The first big presidential faceoff is nearly here. Democratic nominee Hillary Clinton and her Republican counterpart Donald Trump are scheduled to debate Monday night at Hofstra University in Hempstead, New York.
Ahead of the debate the race has continued to tighten, with Clinton's one-time large lead fading. She was up by just 1.3 percentage points nationally Tuesday, according to the Real Clear Politics average of polls. There has been some good news of late for the Democratic nominee, however. The most recent NBC News/Survey Monkey poll put her up by 5 points nationally, earning 50 percent to Trump's 45 percent support among likely voters. The weekly tracking poll conducted from Sept. 9 through Sept. 12 was the latest survey included in the Real Clear Politics average.
However, Trump had earned a 5-point lead in the most recent Los Angeles Times/USC tracking poll, a survey that has regularly shown a larger lead for the Republican nominee perhaps because of its unique methodology.
The projections from data-driven website FiveThirtyEight also show a tightening race ahead of the debate. According to their polls-only forecast, Clinton on Tuesday had a 58.5 percent chance of winning the election. Their polls-plus model, which includes economic and historical factors, gave Clinton a 57.5 percent chance at winning.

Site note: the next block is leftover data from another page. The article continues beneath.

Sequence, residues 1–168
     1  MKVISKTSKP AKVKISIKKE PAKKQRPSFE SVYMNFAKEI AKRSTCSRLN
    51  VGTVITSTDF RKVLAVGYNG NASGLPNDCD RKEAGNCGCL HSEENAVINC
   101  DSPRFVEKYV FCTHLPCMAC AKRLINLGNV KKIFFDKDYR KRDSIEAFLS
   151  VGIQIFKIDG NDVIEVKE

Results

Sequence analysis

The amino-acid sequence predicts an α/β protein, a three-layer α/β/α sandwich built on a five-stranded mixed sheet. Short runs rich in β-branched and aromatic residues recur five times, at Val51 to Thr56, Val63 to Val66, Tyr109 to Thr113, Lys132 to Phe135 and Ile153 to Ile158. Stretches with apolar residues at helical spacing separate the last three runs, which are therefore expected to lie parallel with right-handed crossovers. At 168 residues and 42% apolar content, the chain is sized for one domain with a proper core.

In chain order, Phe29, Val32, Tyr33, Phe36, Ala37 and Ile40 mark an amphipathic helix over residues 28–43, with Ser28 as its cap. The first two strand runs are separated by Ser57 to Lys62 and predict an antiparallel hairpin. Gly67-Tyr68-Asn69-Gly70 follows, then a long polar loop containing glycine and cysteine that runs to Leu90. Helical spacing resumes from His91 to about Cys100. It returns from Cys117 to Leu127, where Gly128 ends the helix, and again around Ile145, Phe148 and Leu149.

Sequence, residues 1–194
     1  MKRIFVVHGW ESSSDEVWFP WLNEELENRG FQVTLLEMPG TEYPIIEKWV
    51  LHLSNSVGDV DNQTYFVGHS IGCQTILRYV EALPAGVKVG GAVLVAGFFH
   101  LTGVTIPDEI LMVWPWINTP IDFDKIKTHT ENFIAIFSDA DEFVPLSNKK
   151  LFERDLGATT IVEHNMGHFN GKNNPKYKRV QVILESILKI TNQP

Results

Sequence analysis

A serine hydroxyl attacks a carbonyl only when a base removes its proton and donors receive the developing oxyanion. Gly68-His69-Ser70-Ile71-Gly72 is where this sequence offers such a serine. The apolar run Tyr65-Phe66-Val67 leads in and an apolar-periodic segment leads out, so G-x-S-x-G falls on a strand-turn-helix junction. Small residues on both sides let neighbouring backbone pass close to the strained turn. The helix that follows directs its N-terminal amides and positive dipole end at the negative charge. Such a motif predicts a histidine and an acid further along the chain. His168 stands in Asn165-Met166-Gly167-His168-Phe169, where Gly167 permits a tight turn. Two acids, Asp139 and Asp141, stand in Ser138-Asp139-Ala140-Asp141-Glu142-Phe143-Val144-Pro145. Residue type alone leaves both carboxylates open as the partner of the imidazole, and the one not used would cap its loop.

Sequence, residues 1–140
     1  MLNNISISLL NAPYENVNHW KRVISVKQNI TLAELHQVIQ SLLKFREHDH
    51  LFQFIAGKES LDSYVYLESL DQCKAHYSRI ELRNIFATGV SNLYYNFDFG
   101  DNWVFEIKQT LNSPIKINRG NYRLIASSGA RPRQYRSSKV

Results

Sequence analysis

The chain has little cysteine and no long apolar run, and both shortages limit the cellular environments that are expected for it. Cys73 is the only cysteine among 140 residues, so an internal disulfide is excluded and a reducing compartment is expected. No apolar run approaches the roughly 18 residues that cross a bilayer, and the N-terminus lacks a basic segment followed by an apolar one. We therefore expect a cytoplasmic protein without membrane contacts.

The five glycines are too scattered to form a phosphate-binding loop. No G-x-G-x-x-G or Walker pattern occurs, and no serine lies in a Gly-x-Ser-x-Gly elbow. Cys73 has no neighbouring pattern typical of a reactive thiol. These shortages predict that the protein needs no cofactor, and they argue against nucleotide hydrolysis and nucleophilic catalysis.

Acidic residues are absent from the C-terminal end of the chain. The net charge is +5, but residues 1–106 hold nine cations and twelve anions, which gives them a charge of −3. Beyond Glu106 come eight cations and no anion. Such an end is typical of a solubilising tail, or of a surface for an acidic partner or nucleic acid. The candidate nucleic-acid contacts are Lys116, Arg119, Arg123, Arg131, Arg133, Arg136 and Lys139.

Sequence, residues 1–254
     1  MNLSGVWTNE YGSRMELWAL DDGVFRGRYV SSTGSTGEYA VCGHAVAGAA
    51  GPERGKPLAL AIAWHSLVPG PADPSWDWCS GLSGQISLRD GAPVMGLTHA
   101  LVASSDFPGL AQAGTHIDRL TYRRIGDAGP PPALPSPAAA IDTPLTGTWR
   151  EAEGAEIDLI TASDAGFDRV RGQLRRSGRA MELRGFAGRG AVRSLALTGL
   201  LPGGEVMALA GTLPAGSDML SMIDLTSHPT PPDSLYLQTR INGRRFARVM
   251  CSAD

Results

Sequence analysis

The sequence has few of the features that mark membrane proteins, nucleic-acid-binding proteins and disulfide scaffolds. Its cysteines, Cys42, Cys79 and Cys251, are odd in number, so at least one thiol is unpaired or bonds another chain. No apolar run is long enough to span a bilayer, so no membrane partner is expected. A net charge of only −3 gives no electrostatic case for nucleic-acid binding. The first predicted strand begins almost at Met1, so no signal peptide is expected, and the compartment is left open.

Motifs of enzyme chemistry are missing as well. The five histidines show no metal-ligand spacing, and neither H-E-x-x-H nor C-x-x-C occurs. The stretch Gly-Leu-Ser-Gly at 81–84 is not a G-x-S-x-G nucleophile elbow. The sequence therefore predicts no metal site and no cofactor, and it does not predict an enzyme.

Elections often come down to the purple swing states — the ones that could go either red or blue — in which the polls are tightening, as well. Across 13 states included in the CBS battleground tracker, the two candidates were tied. Clinton appears to have a relatively tight grip over Pennsylvania, while Trump has the edge in Florida and Ohio, according to the FiveThirtyEight projections.
The debate will give voters a better chance to hear the candidates talk issues. The debate stage will be the first for Trump take won't be crowded by candidates, since the nominee emerged from a packed field in the Republican primaries. Both outsider candidates — Libertarian Gary Johnson and the Green Party's Jill Stein — came well short of reaching the 15 percent polling threshold required by the Commission on Presidential Debates to qualify for inclusion in the debate.